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Its a modern New Years tradition that the National Archives gives the media privileged access to the next batch of Government files to be released into the public domain under the thirty year rule. So far there has been the odd story about Margaret Thatcher and the Falklands war, all of which has been a bit of a damp squib. Why? Because most of this stuff has been in the public domain for many years. Just five years after the event I was interviewing John Nott, the former Defence Minister, and Admiral Leach, the man whom it could be argued really kicked off the effort to recover the Falklands. They were as disparaging of each other then as they were before the crisis started. I also met senior figures from Aerospatiale, the French Arms company who told me candidly that if they had continued to supply Exocet anti ship missiles to the Argentine armed forces the consequences for them would have been severe. It was not, one of them said, just a diplomatic warning.
It is also no secret that part of the US Administration, spearheaded by Jean Kirkpatrick, was pressing Ronald Reagan to support the murderous bunch of torturers than ran Argentina, while others, notably Lawrence Eagleburger, were bending over backwards to provide whatever military assistance the British Armed Forces requested. The official historian of the war, Professor Freedman, was allowed access to most government documents ten years ago to produce a detailed and long account of the various aspects of the conflict, both diplomatic and military.
Furthermore, using requests under the Freedom of Information Act, and interviews with all the participants, I published the truth about HMS Conqueror sinking the Argentine cruiser in my book “Sink The Belgrano”, seven years ago. So the impact of the thirty year rule is now very much diminished, and will continue to be so in the future. It would however be a mistake to think that the Governments hold on its secrets is slipping. New inquiries into Bloody Sunday and the Hillsborough disaster prove how much of a struggle it can be for ordinary people to get at the truth. And there’s another case to add to the list.
Acting on behalf of four Kenyan citizens who were tortured by the British during Operation Anvil, the effort to crush the rebellion against Colonial rule, the law firm Leigh Day forced the Foreign Office to reveal that they had 9,500 files from the colonial era stashed away in a secret archive. These files, from 36 former colonies were extracted from the colonial administration and flown to the UK usually a few days before independence. Around 1500 of them are relevant to the actions of the British Government and the administration in Kenya during the emergency, but the Foreign Office denied their existence not once but twice, in 2005 and 2006, after two separate requests by Leigh Day under the Freedom of Information Act. Sadly this revelation about the conspiratorial secrecy of the Foreign Office has not caused the outcry that it deserves. Even now the files are being released piecemeal and in disorganised tranches, as if the Foreign Office is continuing to be as obstructive as possible to the legal advisers and historians trying to piece together the narrative of the concentration camps and torturers the British Government was responsible for in the 1950′s.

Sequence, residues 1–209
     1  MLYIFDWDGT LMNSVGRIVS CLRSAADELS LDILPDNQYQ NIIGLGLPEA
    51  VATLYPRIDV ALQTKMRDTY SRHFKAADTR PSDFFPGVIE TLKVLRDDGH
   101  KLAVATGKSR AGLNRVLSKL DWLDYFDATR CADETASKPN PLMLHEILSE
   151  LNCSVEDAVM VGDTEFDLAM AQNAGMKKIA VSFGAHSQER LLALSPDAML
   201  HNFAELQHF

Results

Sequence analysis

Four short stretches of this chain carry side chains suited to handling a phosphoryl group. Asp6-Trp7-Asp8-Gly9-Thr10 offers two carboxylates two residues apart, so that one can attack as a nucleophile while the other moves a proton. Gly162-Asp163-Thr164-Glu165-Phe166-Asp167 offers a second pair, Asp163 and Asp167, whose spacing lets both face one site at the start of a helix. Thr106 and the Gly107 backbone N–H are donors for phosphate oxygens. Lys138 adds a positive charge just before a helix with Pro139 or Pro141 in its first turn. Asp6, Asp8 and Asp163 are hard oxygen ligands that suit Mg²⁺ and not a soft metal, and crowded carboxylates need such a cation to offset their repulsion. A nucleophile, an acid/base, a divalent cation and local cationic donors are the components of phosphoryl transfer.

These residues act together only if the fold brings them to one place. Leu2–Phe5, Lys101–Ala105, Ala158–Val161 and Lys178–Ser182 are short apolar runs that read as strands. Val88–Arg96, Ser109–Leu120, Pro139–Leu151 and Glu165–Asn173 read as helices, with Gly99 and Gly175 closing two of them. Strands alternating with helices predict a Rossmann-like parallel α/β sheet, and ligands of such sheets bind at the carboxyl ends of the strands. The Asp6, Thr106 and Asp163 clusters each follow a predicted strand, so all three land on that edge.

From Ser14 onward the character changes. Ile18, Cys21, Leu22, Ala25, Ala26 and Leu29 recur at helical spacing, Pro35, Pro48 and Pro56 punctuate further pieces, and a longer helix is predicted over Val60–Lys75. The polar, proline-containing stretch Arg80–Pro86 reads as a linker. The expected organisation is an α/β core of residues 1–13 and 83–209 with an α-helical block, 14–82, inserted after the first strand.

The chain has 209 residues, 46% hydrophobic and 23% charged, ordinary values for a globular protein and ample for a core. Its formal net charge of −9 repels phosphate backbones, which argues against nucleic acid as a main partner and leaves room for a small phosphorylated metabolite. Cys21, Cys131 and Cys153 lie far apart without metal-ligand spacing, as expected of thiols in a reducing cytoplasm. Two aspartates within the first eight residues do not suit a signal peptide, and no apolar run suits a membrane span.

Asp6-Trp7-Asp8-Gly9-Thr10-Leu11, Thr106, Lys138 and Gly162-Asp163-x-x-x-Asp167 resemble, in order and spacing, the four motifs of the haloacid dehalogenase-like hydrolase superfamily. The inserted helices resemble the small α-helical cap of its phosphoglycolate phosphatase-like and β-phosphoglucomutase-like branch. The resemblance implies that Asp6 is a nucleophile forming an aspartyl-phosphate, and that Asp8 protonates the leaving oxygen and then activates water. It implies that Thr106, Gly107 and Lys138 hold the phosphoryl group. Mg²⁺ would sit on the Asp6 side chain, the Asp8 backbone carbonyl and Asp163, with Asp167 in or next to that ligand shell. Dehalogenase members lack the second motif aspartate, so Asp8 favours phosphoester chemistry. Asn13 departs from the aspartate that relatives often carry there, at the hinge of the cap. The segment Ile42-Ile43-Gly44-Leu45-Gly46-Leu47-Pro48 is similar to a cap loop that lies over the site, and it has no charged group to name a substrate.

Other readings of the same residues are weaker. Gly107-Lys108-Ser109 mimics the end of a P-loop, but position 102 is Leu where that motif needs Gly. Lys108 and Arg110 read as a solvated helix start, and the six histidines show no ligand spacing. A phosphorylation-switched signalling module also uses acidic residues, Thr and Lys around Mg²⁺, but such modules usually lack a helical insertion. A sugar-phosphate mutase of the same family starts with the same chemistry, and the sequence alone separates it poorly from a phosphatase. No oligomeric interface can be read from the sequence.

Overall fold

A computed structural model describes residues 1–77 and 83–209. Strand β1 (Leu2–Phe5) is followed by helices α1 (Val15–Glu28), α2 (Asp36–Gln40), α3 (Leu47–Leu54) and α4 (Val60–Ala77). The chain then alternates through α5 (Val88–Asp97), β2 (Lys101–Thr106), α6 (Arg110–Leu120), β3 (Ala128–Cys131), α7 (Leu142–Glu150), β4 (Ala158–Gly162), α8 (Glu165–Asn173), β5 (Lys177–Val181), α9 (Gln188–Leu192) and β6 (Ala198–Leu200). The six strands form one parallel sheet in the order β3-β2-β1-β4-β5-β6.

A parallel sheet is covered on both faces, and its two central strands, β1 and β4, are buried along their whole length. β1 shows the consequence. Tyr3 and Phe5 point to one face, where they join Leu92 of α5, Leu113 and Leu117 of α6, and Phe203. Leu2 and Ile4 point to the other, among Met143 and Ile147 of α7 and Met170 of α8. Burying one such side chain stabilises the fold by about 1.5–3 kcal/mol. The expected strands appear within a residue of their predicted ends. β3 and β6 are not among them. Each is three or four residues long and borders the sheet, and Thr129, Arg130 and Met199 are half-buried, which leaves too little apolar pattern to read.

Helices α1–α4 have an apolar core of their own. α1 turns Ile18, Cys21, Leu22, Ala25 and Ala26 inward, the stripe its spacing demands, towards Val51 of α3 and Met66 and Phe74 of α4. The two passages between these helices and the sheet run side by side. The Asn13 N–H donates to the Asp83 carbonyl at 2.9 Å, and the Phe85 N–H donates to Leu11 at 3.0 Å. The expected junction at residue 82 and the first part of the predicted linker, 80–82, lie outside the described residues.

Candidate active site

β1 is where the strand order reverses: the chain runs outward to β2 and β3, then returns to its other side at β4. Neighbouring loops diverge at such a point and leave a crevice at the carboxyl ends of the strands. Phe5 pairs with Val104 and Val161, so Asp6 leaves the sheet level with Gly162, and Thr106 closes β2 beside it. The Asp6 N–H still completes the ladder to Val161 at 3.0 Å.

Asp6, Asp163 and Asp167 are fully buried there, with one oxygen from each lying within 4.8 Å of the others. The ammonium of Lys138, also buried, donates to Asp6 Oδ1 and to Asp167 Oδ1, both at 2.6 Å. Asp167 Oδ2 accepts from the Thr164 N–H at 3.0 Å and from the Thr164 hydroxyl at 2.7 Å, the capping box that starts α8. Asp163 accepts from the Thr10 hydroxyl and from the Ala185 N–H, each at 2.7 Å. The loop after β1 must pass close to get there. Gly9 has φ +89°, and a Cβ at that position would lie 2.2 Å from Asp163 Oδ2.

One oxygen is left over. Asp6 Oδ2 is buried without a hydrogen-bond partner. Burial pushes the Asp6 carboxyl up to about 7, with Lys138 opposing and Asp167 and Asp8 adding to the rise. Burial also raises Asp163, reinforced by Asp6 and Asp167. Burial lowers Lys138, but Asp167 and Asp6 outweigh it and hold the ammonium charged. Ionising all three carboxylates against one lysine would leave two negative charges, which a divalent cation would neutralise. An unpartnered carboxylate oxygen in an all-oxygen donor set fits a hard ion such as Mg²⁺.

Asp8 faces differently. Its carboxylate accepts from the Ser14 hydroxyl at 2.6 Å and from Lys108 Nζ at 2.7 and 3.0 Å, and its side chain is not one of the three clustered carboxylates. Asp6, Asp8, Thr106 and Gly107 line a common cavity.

Funnily enough the release to me of HMS Conquerors war diary, the patrol report, that recorded her voyage from the Irish Sea to the Falklands, with all the dramatic events that took place along the way was held up for several months. Not as one might expect, by the Royal Navy or the Ministry of Defence. No, it was the Foreign Office who objected to its release. I know why. And it had nothing to do with the Belgrano.
At the moment I’m carrying out some research in Berlin, in the archive of the former East German Secret Security Service, the Stasi. There are a few problems, mainly to do with language, but also because safeguards have been imposed to prevent personal information about ordinary citizens being made public. Sometimes, when I receive an unhelpful answer from an archivist its tempting to mouth off about German bureaucracy. Then I ask myself how I would feel if I was a poor eighty year old Kenyan seeking justice for injuries I suffered at the hands of British torturers more than sixty years ago. Its a sobering question.